Clue #1 There was only one table with 2 ladies eating in the whole restaurant.
Clue #2 There were no customers in line at the order counter.
So my daughter and I approached the order counter and waited a few seconds.
Clue #3 There was no employee standing at the order counter to take our order.
We waited a few more seconds. Finally, the employee working at the drive through window saw us standing at the counter, looked around and yelled, "Where's Melanie?"
Clue #4 After a few more seconds Melanie still did not appear.
Clue #5 Finally Melanie appeared with a telephone in her hand, looked at me, continued talking on the phone, held up her pointer finger and mouthed, "Just one second." She talked for a while longer and then disappeared behind a wall to continue her conversation.
All of this at ten of noon on a Friday, with no one in line in front of me or behind me at a nationally known sandwich shop on the busiest boulevard in the city. As someone who has spent her entire professional life working to satisfy customers I was irritated. Now I knew why the sandwich shop had no one in line at 11:50 on a Friday.... bad customer service.
Know what I did? I left. Even though I was craving the food, even though my 4 year old had lobbied hard to eat there, even though I was first in line.... I left. I chose not to give this business my money. And I will not go back. And I blabbed to my friends about the bad experience.
But this situation could have been easily turned around by the business. What if "Melanie" had followed me out to my car and said, "I am so sorry, I should not have been talking on the phone. Please come back in. I'll give you and your daughter free drinks and cookies with your meal." Think I would have changed my mind? You bet!
The extra effort to regain my business would have left an even bigger impression than if the whole lunch experience had been just satisfactory to begin with. As a small business owner, an unsatisfied customer represents an opportunity to create a customer for life. Here are some tips for handling upset customers and turning them into your biggest fans:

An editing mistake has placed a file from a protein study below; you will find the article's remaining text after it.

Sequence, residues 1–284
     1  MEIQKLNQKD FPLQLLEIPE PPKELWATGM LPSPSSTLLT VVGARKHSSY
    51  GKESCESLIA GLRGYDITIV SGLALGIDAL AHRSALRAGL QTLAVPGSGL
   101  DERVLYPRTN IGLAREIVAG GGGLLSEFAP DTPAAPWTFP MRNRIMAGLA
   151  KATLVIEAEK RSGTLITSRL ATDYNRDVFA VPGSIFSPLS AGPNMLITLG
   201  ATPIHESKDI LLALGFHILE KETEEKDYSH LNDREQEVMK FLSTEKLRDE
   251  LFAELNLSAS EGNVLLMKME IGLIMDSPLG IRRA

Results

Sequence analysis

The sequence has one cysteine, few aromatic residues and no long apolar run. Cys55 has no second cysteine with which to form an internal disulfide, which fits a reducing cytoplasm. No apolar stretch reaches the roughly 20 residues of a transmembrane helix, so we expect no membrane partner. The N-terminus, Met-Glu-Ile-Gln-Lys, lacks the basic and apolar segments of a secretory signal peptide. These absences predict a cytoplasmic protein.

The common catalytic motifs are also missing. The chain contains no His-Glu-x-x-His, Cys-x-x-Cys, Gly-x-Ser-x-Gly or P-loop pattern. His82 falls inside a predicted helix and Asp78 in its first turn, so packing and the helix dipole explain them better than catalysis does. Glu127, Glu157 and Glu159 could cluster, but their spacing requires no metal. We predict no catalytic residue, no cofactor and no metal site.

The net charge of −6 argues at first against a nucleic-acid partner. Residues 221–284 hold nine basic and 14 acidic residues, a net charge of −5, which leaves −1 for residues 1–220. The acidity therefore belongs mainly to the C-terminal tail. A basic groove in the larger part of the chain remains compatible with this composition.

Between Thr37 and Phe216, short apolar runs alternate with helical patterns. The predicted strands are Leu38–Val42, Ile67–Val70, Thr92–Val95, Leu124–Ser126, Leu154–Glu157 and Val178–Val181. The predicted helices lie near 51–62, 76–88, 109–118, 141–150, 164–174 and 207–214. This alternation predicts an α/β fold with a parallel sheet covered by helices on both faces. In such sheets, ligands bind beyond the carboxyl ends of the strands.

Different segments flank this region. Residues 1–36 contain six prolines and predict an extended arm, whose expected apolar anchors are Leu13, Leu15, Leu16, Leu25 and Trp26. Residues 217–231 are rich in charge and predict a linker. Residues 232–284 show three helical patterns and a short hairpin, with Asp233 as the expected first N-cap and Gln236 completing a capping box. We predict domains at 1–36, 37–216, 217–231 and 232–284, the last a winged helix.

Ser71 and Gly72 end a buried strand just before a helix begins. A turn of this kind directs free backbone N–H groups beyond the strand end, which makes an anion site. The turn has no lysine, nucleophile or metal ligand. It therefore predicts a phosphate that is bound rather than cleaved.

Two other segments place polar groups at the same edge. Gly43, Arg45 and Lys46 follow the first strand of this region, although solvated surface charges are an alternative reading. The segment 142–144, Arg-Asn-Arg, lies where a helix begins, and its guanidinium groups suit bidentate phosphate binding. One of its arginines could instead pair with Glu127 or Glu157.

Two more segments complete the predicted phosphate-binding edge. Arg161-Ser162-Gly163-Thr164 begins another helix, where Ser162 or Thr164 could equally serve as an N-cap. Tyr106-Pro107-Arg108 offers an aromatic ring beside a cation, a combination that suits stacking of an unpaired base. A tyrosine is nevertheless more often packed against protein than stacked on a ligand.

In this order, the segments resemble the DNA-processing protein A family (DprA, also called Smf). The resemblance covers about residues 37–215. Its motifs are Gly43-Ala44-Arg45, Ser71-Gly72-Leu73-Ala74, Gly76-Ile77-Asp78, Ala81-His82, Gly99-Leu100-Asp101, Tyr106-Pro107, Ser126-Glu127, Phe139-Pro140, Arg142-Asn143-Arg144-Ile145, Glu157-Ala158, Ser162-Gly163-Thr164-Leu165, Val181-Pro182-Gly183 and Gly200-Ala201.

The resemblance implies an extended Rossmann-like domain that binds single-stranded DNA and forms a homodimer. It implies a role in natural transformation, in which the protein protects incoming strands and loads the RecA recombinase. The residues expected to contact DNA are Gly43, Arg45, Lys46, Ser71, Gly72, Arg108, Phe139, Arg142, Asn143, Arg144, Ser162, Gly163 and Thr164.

- LISTEN to why the customer is upset. Don't defend yourself or your business.
- Acknowledge and apologize for what has happened but don't explain why it happened. In my case, Melanie could have said, "I apologize that you were having to wait on me. I am sorry I kept you waiting." A bad way for her to apologize is, "I am sorry I was on the phone but my ex-husband hasn't paid child support in 2 months and that was a creditor on the phone...blah, blah, blah."
- Confirm that you understand why the customer is unhappy. Ask questions to clarify what you THINK you heard the customer say. Examples are, "What you are saying is.... right?" or "I'm not sure I understand fully, could you tell me more about....." or "What you were hoping for was..... is that right?"
- Propose a solution that will satisfy the customer. It is very important not to overpromise. Know what you can realistically do to solve the problem and then execute.
- Follow up to confirm that the solution did indeed rectify the problem. The sandwich shop employee could have personally checked on me while I was eating my meal to see if I was satisfied. When I worked for Otis Elevator I would frequently drive to a customer's building to "check on" a fixed elevator (even though the mechanic had told me it was running). When I worked for a medical diagnostic company I would call a customer to verify that the replacement reagents had arrived the next day (even though I had seen the FedEx confirmation). As a small business owner you want to get credit for "solving" your customer's problem. Don't miss the opportunity to follow up on a corrected situation to confirm the customer's satisfaction and so that your customer can acknowledge the corrective actions of your business.